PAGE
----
Batch Script Input and Ouput
Input and Output
There are three universal "files" for keyboard input, screen text printing, and screen error printing.
- The Standard Innput file, known as
stdin, contains the input to the program/script.
- The Standard Output file, known as
stdout, is used to write the output to be displayed on the screen.
- The Standard Error file, known as
stderr, contains all the error messages to be displayed on the screen.
Each of these three standard files, otherwise known as the standard streams, are referenced using numbers:
stdinis file 0
stdoutis file 1
stderris file 2
A common practice in batch scripting is to send the output of a program to a log file.
You use the
> operator to send, or redirect, stdout or stderr to another file. The following example shows how this can be done.
In the following example, the
stdout of the command
dir C:\ is redirected to the file list.txt.
dir C:\ > list.txt
If you append the number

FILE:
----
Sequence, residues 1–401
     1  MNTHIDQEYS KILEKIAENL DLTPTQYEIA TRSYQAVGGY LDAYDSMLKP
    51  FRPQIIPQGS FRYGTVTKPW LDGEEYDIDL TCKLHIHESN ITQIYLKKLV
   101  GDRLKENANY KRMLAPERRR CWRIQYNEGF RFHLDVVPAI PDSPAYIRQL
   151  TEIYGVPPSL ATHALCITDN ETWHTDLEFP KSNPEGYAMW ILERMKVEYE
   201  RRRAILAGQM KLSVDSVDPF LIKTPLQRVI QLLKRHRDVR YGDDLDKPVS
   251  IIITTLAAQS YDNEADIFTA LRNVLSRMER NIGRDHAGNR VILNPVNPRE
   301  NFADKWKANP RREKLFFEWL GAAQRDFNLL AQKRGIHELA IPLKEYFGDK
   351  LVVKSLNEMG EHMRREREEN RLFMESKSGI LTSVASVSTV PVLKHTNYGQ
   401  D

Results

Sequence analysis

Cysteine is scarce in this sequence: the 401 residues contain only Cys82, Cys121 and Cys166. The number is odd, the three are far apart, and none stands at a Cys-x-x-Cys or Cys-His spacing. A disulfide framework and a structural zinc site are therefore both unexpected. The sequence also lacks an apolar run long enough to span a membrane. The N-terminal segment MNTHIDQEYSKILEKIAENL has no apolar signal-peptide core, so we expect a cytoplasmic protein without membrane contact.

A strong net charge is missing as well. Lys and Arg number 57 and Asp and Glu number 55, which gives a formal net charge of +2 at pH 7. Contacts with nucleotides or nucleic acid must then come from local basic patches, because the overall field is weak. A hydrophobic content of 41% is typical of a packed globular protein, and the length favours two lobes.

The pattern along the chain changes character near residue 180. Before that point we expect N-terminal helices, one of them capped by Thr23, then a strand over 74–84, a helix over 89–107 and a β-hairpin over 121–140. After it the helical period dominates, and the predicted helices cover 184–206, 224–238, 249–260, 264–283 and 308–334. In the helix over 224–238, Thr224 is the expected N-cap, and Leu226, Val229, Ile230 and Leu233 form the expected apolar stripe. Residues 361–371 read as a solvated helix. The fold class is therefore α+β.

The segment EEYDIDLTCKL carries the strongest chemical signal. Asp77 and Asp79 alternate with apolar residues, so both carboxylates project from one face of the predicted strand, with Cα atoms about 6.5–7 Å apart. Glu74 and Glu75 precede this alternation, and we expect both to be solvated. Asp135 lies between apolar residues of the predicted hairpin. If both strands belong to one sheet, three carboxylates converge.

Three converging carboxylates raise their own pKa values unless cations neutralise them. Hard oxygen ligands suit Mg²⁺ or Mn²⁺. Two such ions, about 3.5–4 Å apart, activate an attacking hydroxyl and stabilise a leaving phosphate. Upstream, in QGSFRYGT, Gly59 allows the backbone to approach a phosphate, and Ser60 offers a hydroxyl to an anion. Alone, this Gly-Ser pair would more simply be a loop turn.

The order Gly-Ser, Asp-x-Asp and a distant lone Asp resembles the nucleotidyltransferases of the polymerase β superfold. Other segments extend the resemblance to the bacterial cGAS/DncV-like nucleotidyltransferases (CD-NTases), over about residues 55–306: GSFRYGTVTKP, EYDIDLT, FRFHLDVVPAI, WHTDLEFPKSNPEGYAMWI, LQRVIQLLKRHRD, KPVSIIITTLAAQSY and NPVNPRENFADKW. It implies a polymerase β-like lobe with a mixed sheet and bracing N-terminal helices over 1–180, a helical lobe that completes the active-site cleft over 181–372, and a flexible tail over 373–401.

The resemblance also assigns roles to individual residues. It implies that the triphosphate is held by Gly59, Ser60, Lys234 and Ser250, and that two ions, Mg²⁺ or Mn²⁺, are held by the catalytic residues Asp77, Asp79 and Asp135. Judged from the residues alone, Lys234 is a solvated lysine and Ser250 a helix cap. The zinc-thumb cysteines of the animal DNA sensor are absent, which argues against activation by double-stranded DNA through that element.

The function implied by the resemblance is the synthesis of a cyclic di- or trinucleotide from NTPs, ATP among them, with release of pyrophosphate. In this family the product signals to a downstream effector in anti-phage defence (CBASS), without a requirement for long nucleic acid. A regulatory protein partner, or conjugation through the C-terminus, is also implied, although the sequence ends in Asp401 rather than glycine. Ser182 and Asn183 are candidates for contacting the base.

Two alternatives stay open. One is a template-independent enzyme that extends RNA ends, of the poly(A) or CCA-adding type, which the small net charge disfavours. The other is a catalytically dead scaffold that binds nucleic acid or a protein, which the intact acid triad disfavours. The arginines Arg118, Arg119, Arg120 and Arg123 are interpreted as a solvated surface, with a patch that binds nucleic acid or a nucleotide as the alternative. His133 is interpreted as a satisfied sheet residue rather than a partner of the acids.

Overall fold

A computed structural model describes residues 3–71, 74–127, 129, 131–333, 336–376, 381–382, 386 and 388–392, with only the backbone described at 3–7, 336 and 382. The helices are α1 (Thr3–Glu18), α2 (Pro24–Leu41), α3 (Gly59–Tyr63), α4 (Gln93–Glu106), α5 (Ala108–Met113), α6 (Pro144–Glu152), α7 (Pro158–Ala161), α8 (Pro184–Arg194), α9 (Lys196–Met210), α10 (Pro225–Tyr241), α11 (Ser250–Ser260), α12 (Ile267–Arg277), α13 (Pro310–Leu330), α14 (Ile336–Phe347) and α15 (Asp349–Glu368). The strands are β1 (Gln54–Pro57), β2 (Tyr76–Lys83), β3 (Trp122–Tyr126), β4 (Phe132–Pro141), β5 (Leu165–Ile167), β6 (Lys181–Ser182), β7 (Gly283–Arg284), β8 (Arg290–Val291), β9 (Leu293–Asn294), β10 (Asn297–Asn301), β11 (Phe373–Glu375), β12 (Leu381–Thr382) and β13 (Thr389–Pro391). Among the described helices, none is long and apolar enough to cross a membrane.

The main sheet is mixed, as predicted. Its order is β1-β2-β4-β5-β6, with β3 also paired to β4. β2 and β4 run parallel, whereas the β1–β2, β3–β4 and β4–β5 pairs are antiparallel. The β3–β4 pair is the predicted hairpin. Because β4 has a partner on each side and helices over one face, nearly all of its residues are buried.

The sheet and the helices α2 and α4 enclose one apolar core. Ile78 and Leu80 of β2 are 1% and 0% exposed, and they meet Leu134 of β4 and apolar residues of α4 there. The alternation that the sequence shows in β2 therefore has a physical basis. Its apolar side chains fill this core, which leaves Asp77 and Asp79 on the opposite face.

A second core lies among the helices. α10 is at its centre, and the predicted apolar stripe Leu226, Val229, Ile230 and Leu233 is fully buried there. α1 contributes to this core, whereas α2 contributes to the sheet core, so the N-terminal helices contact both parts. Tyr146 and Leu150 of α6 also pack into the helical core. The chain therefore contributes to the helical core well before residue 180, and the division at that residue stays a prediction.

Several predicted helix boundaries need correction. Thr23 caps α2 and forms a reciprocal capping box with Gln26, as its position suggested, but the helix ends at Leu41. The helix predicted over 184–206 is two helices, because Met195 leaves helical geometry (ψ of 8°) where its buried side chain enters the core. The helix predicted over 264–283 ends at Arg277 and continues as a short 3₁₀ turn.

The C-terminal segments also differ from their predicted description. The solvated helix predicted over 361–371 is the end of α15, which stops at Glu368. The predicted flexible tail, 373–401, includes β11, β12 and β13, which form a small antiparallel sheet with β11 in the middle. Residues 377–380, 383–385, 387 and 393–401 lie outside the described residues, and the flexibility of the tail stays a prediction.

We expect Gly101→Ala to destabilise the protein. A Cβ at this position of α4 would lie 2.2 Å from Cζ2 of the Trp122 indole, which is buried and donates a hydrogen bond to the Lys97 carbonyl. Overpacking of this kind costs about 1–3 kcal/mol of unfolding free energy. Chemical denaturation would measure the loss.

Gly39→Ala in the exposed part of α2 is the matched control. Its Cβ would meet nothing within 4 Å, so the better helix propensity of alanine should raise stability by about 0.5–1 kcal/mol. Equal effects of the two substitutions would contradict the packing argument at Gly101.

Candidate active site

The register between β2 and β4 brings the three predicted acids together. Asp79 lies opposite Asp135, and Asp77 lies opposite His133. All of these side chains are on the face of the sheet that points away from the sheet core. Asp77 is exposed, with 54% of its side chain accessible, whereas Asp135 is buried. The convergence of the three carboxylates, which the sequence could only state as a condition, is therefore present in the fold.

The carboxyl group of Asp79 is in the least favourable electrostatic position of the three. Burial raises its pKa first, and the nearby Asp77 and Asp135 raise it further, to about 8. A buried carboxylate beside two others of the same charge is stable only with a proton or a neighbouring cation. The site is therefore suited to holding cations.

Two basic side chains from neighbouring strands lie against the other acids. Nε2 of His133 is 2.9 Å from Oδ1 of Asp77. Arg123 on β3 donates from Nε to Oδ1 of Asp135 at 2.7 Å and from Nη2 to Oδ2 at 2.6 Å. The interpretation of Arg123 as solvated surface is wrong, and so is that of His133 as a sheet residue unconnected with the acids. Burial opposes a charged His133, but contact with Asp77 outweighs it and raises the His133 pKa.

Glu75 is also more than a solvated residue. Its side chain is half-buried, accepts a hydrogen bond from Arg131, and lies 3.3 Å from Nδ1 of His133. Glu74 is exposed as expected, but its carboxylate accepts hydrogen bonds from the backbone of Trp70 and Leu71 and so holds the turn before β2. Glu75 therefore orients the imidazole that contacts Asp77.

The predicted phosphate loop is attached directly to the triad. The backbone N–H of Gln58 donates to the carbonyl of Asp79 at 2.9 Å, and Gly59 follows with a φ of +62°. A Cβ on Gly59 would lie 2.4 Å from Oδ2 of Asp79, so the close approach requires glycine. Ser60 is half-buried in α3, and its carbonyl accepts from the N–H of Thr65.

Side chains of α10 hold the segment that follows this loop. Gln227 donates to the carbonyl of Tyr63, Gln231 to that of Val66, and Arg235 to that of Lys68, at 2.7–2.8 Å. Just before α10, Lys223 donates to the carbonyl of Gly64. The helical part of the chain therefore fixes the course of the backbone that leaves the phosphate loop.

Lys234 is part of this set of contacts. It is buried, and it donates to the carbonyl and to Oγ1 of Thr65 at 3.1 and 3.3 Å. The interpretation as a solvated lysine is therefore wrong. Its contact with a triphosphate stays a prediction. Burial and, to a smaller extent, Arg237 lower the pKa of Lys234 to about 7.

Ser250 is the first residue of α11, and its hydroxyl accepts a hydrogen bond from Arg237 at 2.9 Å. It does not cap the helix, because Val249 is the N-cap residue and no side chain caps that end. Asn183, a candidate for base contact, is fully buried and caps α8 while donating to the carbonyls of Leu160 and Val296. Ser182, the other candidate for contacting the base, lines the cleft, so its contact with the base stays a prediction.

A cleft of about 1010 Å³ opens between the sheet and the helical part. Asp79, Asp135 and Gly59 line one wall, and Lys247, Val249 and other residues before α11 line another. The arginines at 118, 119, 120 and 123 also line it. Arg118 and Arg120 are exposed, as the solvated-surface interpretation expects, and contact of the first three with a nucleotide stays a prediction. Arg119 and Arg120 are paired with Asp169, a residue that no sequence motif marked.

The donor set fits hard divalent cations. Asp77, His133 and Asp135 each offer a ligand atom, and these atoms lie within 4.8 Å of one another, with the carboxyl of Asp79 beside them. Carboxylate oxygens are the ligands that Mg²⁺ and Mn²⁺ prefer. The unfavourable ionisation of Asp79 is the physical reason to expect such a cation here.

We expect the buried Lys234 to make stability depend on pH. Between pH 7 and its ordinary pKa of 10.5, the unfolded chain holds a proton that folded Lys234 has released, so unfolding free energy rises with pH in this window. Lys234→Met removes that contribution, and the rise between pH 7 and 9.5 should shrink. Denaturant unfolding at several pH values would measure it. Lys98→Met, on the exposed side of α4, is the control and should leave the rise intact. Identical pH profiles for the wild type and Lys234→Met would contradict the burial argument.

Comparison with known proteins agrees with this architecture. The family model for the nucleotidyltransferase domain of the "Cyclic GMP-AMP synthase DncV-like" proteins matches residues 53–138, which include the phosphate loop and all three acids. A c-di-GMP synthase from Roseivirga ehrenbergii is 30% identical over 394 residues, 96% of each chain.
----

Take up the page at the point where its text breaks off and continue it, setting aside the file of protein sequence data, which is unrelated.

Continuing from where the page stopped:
2 to the redirection filter, then it would redirect the
stderr to the file lists.txt.
dir C:\ 2> list.txt
You can even combine the
stderr streams using the file number and the
dir C:\ > lists.txt 2>&1
Suppressing Program Output
NUL is used to discard the output of a program.
The following example shows that the output of the
dir command is discarded by sending it to
dir C:\ > NUL
To work with the
stdin, a workaround must be used. This can be done by redirecting the command prompt
The following example shows how you can redirect the output to a file called lists.txt. After you execute the below command, the command prompt will take all the input entered by user till it gets an
EOF character. Later, it sends all the input to the file lists.txt.
TYPE CON > lists.txt